Easy separates appeared in tie dye prints and with eye-catching embroidery and beading. His party girl clients will live in the float a-line silhouettes, mini skirts, and jeweled dresses paired with gem-encrusted belts and his new shoe collection.
Print lovers will have something amazing to look forward to from Peter Pilotto come Spring – Digital prints, mixing & matching patterns, and bright, bold prints.
Dramatic, eye-catching, and one-of-a-kind. The pieces shown at Peter Pilotto were extraordinary, I especially enjoyed the pants, oversized peplums, and dramatic, Latin-inspired ruffles.
Preen made a triumphant return from the New York Fashion Week with a blue and white collection highlighted with hints of yellow and red, and covered in all-over prints.
The patchwork-like use of swatches of prints, combined with the tailoring, dramatic slits, verticle white stripes, and long, lean silhouettes gave the collection an architectural, structed feel.
The Christopher Kane show was surprisingly delicate and sweet – A full 180 from previous collections full of black, slashed fabric, and safety pins.
Pale colors, light fabrics, dramatic drapes & folds, sheer pieces, clear plastic, and slits & cut-outs that somehow appeared elegant and refined despite the skin peeking through.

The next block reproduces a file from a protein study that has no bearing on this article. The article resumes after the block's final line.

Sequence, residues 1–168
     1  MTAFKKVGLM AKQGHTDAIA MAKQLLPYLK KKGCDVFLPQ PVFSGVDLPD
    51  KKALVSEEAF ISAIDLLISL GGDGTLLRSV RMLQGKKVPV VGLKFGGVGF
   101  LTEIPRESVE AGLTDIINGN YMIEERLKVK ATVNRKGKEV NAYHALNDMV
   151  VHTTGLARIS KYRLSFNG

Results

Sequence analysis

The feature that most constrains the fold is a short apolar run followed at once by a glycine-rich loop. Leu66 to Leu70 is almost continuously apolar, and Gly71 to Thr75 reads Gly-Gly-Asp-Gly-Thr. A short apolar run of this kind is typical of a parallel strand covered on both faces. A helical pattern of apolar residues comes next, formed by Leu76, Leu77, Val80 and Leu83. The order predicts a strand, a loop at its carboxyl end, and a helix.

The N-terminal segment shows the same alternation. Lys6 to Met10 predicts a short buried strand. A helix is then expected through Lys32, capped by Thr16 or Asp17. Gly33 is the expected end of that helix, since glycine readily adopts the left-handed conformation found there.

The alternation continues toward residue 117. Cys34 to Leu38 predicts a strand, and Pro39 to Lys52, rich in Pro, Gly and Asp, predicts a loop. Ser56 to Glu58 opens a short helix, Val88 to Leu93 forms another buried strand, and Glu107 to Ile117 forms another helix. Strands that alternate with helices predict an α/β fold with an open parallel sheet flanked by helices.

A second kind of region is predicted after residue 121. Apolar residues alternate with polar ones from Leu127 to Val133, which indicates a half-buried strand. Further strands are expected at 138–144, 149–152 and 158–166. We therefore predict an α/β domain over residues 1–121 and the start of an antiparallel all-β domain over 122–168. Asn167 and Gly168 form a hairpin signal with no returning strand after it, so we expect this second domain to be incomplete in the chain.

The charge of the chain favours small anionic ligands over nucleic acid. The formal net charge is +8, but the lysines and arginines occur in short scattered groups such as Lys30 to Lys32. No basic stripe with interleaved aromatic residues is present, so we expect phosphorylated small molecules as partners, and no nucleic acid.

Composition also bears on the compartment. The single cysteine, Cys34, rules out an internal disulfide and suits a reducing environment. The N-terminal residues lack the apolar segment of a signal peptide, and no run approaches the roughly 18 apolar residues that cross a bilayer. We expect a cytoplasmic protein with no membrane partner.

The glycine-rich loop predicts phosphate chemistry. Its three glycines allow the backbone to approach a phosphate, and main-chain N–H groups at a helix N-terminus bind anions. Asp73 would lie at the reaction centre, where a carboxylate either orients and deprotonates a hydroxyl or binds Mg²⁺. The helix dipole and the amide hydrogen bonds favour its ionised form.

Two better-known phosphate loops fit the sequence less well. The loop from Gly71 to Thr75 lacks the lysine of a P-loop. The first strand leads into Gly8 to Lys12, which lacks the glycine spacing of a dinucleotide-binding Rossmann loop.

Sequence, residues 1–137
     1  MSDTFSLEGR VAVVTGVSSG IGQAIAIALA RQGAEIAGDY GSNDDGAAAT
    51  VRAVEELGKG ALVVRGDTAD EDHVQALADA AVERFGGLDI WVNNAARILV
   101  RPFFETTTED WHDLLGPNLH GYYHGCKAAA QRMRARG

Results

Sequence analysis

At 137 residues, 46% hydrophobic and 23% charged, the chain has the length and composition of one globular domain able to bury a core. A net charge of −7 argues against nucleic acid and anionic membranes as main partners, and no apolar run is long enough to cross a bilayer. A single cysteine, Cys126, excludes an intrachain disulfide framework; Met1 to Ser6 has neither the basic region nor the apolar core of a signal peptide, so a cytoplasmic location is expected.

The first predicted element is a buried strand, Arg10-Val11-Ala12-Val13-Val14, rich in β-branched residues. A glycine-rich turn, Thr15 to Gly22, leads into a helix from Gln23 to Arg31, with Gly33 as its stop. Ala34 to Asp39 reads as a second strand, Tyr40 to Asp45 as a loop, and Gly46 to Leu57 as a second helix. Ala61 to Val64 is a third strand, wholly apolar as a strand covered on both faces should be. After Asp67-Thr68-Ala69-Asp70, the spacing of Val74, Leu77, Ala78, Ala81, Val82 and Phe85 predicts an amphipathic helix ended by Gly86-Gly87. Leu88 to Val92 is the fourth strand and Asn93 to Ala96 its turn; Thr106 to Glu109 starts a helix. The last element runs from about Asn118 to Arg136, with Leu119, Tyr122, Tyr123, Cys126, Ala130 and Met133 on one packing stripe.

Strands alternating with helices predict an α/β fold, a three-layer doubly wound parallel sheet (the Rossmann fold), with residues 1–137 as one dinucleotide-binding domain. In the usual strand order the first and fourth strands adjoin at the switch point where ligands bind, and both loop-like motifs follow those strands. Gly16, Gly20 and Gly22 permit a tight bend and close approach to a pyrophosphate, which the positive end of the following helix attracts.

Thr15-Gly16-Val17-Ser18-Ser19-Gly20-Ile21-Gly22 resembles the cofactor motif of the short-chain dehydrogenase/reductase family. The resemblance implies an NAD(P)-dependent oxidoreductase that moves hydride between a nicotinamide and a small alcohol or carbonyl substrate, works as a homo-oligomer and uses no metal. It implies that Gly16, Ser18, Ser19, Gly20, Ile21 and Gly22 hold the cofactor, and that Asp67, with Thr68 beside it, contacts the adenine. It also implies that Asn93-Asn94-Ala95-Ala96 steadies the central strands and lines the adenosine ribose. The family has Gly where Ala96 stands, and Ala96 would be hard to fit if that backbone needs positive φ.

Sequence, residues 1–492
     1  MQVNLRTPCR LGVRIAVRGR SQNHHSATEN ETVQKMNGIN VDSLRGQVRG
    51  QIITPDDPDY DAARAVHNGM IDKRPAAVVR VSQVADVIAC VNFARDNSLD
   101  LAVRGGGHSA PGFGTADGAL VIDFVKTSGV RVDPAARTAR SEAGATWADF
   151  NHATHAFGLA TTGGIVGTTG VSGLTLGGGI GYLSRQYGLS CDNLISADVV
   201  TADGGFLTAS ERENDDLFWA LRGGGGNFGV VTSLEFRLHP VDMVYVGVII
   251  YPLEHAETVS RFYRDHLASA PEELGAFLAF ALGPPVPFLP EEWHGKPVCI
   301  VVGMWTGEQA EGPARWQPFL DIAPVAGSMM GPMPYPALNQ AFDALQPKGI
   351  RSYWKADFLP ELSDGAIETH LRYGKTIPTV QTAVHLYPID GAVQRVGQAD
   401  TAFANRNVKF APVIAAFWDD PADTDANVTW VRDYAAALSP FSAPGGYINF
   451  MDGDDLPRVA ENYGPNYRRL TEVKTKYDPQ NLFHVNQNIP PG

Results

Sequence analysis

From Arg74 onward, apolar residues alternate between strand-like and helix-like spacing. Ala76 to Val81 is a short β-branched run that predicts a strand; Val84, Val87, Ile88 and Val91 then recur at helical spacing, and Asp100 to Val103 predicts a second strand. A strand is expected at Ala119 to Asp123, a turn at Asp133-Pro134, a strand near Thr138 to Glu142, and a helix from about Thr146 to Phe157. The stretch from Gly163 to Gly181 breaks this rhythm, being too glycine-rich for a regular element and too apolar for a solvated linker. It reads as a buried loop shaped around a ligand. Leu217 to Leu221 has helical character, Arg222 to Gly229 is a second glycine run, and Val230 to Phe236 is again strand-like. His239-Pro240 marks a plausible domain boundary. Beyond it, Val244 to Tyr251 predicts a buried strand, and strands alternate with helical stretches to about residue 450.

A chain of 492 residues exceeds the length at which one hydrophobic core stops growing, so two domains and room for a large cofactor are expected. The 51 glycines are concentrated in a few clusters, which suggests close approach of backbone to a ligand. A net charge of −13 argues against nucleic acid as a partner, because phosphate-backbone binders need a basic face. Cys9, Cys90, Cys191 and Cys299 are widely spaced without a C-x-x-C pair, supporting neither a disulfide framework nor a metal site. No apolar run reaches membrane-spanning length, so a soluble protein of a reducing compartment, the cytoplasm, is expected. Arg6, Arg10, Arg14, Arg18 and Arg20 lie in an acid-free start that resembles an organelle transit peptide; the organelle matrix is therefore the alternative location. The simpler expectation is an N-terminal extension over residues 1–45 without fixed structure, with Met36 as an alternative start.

The Queen of Prints returns! Taking banknotes and stamps as her visual inspiration she put together a unique and dramatic collection of dresses and separates covered with intricate patterns.
These pieces could never be confused with having been created by another designer – They were utterly one-of-a-kind – Simultaneously exotic and modern but with an old-fashioned air. I adored the matching pant & tunic sets, they were divine and I can’t wait to see how Hollywood interprets them to the red carpet.
The Temperley London collection was all about bright colors, fun prints, nautical stripes, and retro silhouettes for this coming Spring – All the pieces fun but a little formal, and utterly wearable.
The sundress was reworked with a 50’s vibe and paraded down the runway in a variety of colors, patterns, and fabrics. There were also jumpsuits, lace & embroidery covered dress & gowns, shirt dresses, sweater sets, and too chic for words sun hats.
Previous LFW & Spring 2013 Collections: New York Fashion Week Spring 2013 – Part I, New York Fashion Week Spring 2013 – Part II, New York Fashion Week Spring 2013 – Part III, New York Fashion Week Spring 2013 – Street Style & Front Row Fashion, London Fashion Week Fall 2012, London Fashion Week – Street Style & Front Row Fashion, London Fashion Week Spring 2012 Round-Up, and Streetstyle & Front Row Fashion – London Fashion Week.
Additional reviews, photographs, shows, and videos: The Best Looks from London Fashion Week: Spring 2013 from Harper’s Bazaar, Our 10 Favorite Looks From London Fashion Week from Refinery 29, and Runway Recap: The Best Shoes From London Spring 2013 from Fashionlogie.
What’s your favorite thing about London Fashion Week? The chic outerwear, bold, innovative prints, or the retro, ladylike touches?